[Public Papers of the Presidents of the United States: William J. Clinton (1998, Book II)]
[October 7, 1998]
[Pages 1764-1765]
[From the U.S. Government Publishing Office www.gpo.gov]

[[Page 1764]]

Message to the House of Representatives Returning Without Approval 
Agriculture Appropriations Legislation
October 7, 1998

To the House of Representatives:
    I am returning herewith without my approval, H.R. 4101, the 
``Agriculture, Rural Development, Food and Drug Administration, and 
Related Agencies Appropriations Act, 1999.'' I am vetoing this bill 
because it fails to address adequately the crisis now gripping our 
Nation's farm community.
    I firmly believe and have stated often that the Federal Government 
must play an important role in strengthening the farm safety net. This 
appropriations bill provides an opportunity each year for the Government 
to take steps to help hardworking farmers achieve a decent living, 
despite the misfortune of bad weather, crop disease, collapsing markets, 
or other forces that affect their livelihoods. It is especially 
necessary for the Government to act this year, with prices dropping 
precipitously, crops destroyed by flood, drought, and disease, and where 
many farmers will see their net income drop by as much as 40 percent 
below a 5-year average.
    Two years ago, when I signed the ``Freedom to Farm Bill,'' I made 
clear that it did not provide an adequate safety net for our Nation's 
farmers. There is no better proof of that bill's shortcomings than the 
hardship in America's farm country this year. Our farm families are 
facing their worst crisis in a decade.
    My Administration has already taken steps to address this crisis. In 
July, we announced the purchase of $250 million of wheat to export to 
hungry people around the world. In August, I signed legislation to speed 
up farm program payments. But in the face of a growing emergency for our 
Nation's farmers, we must do more to ensure that American farmers can 
continue to provide, for years to come, the safest and least expensive 
food in the world. Last month, I sent to the Congress a request for $2.3 
billion in emergency aid for our farmers, and I supported Senator 
Daschle's and Harkin's proposal to boost farm income by lifting the cap 
on marketing loan rates.
    I am extremely disappointed that the Congress has reacted to this 
agriculture emergency situation by sending me a bill that fails to 
provide an adequate safety net for our farmers. I have repeatedly stated 
that I would veto any emergency farm assistance bill if it did not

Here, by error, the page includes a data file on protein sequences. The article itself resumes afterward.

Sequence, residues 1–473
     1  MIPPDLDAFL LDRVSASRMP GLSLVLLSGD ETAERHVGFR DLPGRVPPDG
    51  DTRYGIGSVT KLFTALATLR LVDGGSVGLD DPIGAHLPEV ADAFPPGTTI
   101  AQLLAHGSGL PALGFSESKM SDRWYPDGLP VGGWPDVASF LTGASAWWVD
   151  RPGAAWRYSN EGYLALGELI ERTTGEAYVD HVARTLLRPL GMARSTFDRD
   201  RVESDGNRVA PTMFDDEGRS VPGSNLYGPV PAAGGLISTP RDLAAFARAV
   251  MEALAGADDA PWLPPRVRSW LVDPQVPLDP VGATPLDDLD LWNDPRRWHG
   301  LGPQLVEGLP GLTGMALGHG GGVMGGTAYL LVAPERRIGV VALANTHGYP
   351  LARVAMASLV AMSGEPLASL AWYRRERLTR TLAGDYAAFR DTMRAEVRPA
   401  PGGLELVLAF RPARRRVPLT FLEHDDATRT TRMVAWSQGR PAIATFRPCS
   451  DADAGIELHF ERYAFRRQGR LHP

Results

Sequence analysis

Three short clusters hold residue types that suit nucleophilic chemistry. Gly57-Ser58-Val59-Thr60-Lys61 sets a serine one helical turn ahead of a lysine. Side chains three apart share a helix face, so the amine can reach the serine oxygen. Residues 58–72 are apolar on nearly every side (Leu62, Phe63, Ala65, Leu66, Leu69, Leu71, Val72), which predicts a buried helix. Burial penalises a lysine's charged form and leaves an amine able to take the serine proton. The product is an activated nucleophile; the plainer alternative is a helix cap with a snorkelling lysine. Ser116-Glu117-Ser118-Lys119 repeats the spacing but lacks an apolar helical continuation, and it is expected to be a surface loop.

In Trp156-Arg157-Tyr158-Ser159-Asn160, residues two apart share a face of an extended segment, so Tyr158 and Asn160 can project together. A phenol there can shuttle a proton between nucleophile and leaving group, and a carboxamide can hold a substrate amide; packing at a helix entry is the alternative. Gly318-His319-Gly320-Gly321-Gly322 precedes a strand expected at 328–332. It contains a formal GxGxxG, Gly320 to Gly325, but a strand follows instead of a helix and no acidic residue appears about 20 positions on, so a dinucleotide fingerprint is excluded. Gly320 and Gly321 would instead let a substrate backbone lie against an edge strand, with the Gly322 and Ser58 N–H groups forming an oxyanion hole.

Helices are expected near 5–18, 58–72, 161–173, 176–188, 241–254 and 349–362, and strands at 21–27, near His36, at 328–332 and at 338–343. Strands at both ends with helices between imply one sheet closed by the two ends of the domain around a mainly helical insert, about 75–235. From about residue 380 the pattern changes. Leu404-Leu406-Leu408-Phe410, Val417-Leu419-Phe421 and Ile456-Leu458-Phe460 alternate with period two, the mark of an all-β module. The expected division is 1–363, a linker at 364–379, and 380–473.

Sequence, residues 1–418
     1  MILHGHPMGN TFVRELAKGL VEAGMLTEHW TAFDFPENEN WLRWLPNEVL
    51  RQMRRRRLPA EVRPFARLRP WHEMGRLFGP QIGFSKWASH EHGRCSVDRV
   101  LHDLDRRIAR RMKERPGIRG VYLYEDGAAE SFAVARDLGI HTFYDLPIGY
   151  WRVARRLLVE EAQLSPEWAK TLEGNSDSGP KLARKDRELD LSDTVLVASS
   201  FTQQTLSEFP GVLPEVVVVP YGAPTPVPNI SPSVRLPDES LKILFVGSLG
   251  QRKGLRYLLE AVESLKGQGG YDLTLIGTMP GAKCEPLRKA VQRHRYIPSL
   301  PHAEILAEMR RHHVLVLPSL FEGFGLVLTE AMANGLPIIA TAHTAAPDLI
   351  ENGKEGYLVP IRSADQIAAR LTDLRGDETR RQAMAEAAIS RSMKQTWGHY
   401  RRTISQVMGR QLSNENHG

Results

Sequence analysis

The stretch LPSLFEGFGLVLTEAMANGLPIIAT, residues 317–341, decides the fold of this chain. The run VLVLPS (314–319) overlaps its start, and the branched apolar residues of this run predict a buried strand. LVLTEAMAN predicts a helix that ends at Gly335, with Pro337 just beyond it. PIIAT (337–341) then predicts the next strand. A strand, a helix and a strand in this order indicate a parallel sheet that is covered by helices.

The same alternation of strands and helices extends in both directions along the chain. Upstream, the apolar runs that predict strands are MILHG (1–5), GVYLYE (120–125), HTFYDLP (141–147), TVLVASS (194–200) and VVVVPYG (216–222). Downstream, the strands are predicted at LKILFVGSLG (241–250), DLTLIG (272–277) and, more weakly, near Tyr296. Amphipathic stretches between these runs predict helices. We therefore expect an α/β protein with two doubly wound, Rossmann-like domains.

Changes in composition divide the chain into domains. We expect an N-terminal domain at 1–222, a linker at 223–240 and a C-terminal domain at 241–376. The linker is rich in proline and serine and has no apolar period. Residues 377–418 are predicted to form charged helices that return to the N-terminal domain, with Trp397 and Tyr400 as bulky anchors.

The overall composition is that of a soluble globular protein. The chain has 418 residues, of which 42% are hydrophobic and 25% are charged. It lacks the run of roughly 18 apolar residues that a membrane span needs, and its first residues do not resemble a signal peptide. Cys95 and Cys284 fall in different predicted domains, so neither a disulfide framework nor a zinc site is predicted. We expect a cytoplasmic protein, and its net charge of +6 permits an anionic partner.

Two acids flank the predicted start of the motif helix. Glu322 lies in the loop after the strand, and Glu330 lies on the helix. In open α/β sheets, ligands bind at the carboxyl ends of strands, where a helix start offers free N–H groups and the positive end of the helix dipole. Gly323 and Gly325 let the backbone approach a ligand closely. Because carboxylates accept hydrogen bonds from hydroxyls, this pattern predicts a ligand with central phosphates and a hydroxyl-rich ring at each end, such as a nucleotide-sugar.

adequately address our farmers' immediate needs, and this bill does not 
do enough.

    The lack of sufficient emergency aid for farmers in this bill is 
particularly problematic in light of the bill's other provisions that 
affect farmers and their rural communities. Cutting edge agricultural 
research is absolutely essential to improve our farmers' productivity 
and to maintain their advantage over our competitors around the world. 
But this bill eliminates the $120 million in competitive research grants 
for this year that I strongly supported and signed into law just last 
June. It also blocks the $60 million from the Fund for Rural America 
provided through that same bill, preventing needed additional rural 
development funds that would help our Nation's rural communities to 
diversify their economies and improve their quality of life. The bill 
also cuts spending for our food safety initiative in half, denying funds 
for research, public education, and other food safety improvements.

    Many of our most vulnerable farmers have also had to face an 
obstacle that no one in America ever should have to confront: racial 
discrimination. Over 1,000 minority farmers have filed claims of 
discrimination by USDA's farm loan programs in the 1980s and early 1990s 
that the statute of limitations bars from being addressed. While I am 
pleased that this legislation contains a provision waiving the statute 
of limitations, I am disappointed that it does not contain the language 
included in the Senate's version of this bill, which accelerates the 
resolution of the cases, provides claimants with a fair and full court 
review if they so choose, and covers claims stemming from USDA's housing 
loan programs.

    Therefore, as I return this bill, I again call on the Congress to 
send me a comprehensive plan, before this session ends, that adequately 
responds to the very real needs of our farmers at this difficult time.

                                                      William J. Clinton

[[Page 1765]]

The White House,

October 7, 1998.

Note: This message was released by the Office of the Press Secretary on 
October 8.